On July 20, we sent a letter to 200 Stratford businesses testing the waters of support for an LGBTQ+ organization that would do more than hold Pride events one month a year, but would help build community and a sense of belonging every one of the 12 months in a year. That would provide, in one online place, the important information that people need when living here, visiting here, or who are thinking of moving here. That would alleviate social isolation and its ill effects with the creation of an LGBT community centre.
The resounding response was, “this has been too long in coming. How can we help?” and an oversubscription of 20% in response to our first GoFundMe fundraising effort when we launched the organization on August 4 as the Stratford Pride Community Centre.
Our first achievement was the posting of links to health and personal support resources on our website, StratfordPride.com. Opening the website was, in itself, an accomplishment – a permanent, reliable, consistent source of information 365 days a year. Along with a busy, vibrant set of social media channels on facebook, instagram and twitter.
This Fall, our Vice President Steve Walters lead a successful public competition to find a logo, a unique identifier, for our organization, backing up community support with almost $1,000 in donated prizes for the winner, Craig Sullivan, a Stratford software developer.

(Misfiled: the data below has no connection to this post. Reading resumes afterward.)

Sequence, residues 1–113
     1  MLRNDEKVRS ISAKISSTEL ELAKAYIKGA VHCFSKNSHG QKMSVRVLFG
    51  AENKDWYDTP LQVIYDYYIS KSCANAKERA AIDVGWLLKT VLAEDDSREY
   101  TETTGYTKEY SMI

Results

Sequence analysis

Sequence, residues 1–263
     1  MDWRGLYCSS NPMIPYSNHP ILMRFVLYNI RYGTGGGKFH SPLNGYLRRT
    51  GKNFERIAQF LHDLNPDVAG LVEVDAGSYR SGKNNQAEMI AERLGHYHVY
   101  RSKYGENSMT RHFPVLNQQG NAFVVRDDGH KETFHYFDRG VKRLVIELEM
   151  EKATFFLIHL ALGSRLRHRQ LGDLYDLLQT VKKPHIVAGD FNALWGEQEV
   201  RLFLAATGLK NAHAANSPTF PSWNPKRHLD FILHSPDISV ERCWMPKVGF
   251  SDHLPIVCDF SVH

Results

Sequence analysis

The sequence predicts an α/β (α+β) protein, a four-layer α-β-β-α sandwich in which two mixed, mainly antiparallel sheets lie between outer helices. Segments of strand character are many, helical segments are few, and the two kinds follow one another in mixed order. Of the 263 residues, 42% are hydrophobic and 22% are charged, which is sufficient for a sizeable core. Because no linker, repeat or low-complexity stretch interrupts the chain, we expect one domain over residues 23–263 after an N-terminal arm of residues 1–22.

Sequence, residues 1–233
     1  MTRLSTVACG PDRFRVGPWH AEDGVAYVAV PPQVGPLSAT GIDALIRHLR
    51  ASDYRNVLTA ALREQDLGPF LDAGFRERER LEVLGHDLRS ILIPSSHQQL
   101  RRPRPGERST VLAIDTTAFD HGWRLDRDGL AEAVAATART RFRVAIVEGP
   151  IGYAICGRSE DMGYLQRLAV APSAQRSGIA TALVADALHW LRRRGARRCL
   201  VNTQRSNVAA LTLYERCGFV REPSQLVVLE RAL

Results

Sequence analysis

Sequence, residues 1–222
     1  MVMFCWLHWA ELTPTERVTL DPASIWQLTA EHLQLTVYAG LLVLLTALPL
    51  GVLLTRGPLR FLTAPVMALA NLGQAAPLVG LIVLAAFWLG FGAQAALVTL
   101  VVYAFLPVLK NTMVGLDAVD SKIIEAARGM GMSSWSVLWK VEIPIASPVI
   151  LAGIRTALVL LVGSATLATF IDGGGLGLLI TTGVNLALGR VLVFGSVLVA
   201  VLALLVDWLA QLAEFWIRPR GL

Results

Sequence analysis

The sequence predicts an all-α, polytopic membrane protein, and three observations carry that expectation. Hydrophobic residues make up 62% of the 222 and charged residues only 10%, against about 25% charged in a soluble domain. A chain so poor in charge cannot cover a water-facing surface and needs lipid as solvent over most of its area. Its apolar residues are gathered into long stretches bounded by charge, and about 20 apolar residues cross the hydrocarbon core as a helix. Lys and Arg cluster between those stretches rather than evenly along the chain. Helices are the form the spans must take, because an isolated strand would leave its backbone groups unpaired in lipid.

Our Secretary-Treasurer, Ian Middleton, worked with our legal counsel, The Ross Firm, through the process of becoming federally incorporated as a not-for-profit organization. General directors Dayna Prest, Bonnie Baynham and Fort Papalia are on board, offering their knowledge and expertise to help us build a successful community organization that brings real solutions and concrete support to the LGBTQ+ community in and around Stratford.
And, as a connection to the community, we joined with the Stratford Public Library, 107.1 Radio, and the Stratford Times to bring you the Queer Book of the Month, a review of a book from the library that has LGBTQ+ characters and/or author.
I’ve been busy over the past two months putting together a weekend of fun and entertainment to relieve social isolation and the mid-winter blues with Winter Pride. It’s a major fundraiser for us, too, so be sure to come out, and to tell your out-of-town friends to come visit you and Stratford that weekend. We’ve got special hotel, meals and entertainment packages as well as single tickets. We’ll be announcing a March date for Winter Pride soon. Don’t miss it.